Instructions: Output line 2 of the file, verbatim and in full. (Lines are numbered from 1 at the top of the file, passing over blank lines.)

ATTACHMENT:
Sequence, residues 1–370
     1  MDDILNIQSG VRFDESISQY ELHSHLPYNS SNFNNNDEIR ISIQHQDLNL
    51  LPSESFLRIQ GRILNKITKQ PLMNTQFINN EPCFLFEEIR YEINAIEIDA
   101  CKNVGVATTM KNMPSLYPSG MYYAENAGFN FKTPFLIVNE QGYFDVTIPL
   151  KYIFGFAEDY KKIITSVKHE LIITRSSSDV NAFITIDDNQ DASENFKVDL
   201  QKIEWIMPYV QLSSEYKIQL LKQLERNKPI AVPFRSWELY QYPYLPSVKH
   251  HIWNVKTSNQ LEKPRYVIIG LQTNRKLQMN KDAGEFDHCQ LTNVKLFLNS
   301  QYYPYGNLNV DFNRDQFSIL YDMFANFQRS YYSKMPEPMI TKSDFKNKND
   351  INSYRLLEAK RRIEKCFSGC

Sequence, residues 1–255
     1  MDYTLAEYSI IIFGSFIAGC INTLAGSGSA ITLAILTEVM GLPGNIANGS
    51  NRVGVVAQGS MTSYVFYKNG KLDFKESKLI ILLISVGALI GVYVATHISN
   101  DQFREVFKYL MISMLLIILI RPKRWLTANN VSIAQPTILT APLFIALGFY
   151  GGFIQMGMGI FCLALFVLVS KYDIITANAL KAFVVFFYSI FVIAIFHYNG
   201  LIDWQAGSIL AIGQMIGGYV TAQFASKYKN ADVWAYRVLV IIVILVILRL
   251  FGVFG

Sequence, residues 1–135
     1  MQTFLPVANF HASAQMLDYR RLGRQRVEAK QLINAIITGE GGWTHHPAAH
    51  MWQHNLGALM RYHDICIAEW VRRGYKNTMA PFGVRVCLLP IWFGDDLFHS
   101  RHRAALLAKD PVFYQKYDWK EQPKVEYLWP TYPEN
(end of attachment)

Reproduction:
     1  MDDILNIQSG VRFDESISQY ELHSHLPYNS SNFNNNDEIR ISIQHQDLNL